I was looking through my queue on Crunchyroll recently and noticed that there’s an awful lot of unfinished anime. I’d gone through with the intention of cleaning things up, but I was suddenly inspired to finish off all those forgotten series and blog about it in the process. But as I went about formulating a plan of attack, it became less about the fact that I’d stopped watching and more about the reasons why.
That these shows were still on my watchlist at all proves I must have liked them well enough. So how come they’d been abandoned? The most obvious answer is that I simply fell behind. It’s easily done with everything else life has to throw at you. This year alone, my daughter turned one, I moved house, got married, was involved in a car accident and had my appendix removed. Trying to find enough to time to catch up whilst also staying on top of seasonal series was tough to say the least.
A lack of time feeds into perhaps the second biggest reason why I’ve not been able to finish certain shows. That’s the sheer number of episodes that can accrue when you’re taking time out. I started watching My Hero Academia and Mob Psycho 100 back when they both started airing in 2016, but with extended breaks, I’ve now got tens of episodes of both to catch up on. And that’s just two examples, there are plenty of others. So it becomes an issue of time economics, of where best to invest my energies.
After coming back from breaks before, I’ve focussed entirely on catching up, but that’s only made me burn out rather than rejuvenate. Now I try and focus on the shows that really connect with me and home in on a few select simulcasts. With a young kid on my hands, my viewing time has dwindled, so I’m even more inclined to prioritise certain shows over others. With some series, though, I just try and hedge my bets. Most simulcasts are eventually released on DVD and/or Blu-ray here in the UK, and because we try and review all the latest releases, that means we’ll inevitably end up watching a lot of shows we missed the first time around. So rather than trying to catch up, I sometimes just wait and see.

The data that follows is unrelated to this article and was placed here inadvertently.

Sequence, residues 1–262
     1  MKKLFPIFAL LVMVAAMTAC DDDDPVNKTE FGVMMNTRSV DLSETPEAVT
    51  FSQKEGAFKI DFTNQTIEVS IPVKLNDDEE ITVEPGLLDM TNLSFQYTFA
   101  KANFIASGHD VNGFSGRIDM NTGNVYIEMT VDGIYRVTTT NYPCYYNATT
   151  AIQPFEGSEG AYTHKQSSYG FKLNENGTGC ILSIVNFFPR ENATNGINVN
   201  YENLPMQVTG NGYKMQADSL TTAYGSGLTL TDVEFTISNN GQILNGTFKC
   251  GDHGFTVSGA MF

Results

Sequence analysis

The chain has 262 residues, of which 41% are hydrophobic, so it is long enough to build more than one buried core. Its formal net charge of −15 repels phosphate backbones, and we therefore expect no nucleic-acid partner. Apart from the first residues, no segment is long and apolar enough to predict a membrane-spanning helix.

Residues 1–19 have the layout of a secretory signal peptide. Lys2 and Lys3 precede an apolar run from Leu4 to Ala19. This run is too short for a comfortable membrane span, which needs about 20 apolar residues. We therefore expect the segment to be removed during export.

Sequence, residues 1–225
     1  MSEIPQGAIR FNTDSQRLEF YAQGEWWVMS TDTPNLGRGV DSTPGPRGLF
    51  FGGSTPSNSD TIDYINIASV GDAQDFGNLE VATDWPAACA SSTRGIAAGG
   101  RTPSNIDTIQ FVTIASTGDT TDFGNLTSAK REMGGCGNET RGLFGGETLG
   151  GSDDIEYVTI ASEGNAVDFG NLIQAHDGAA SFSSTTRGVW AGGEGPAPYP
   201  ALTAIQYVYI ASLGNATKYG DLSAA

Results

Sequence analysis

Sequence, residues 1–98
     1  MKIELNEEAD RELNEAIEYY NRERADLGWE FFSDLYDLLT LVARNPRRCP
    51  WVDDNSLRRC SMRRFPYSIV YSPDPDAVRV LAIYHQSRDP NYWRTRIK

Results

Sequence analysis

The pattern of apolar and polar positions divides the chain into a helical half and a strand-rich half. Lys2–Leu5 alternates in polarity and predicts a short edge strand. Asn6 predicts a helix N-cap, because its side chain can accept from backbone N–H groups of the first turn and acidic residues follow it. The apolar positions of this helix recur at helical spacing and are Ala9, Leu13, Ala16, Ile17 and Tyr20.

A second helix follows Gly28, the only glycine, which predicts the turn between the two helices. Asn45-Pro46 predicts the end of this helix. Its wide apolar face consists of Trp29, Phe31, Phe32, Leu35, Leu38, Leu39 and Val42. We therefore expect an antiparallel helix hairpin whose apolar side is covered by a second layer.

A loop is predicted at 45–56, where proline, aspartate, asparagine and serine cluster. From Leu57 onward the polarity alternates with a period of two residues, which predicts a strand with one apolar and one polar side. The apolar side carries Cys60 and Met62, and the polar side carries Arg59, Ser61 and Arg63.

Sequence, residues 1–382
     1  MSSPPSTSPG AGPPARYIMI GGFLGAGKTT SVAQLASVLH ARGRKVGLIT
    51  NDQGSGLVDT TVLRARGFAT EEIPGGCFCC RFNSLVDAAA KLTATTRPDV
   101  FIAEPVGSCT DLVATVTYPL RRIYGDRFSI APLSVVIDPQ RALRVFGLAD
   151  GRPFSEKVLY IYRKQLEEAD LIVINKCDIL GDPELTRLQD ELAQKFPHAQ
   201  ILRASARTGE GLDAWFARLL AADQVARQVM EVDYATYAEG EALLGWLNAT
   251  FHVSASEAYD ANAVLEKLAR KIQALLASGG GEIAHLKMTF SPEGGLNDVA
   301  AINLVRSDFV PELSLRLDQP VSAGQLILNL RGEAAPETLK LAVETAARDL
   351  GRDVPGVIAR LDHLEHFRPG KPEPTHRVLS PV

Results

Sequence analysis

Though those are some of the biggest reasons, they’re not the only ones. Looking through my watch list, I realised there were quite a few tearjerkers. These are series which have become infamous for their emotional punch. It doesn’t take much to get my waterworks flowing and so I really need to be in the right headspace to bear my emotions open to a series I know will almost certainly make me cry. A good example is Your Lie in April, the first half of which I reviewed for a magazine years ago (and you can read Elisabeth’s review here). I’d added the second half to my watch list with the intention of continuing the story… only I never did. Whenever selecting which show to watch, I’d bypass that series because I didn’t want to get all emotional there and then. Sometimes I need a good cry, but sometimes I don’t. Unfortunately, that meant I never did finish Your Lie in April and it’s hardly a unique case.
Lastly, there’s the issue of guilt. I’d twist myself into knots over whether I should start a new series when I’ve got so many left unfinished. Those new shows themselves become forgotten on the watch-list and so this vicious little circle rolls on. I’ve had Chihayafuru! queued for a while now with every intention of starting it. But every time, I felt I should instead be finishing off a series I was further into or catching up with simulcasts. Now if I want to watch the third season as it airs, I’ve got fifty odd episodes to get aquatinted with.
So whether it’s life getting in the way, running out of time, not wanting to cry, or from guilt, there’s a lot of reasons why my watch-list is clogged up with half finished anime and shows I’ve been meaning to start for years. Now that I understand the reasons why they’ve been left behind, perhaps I’ll even stand a better chance of working my way through them.
But that’s just me. If you’ve got a load of half-finished anime of your watch list, I’d love to know your reasons why in the comments below.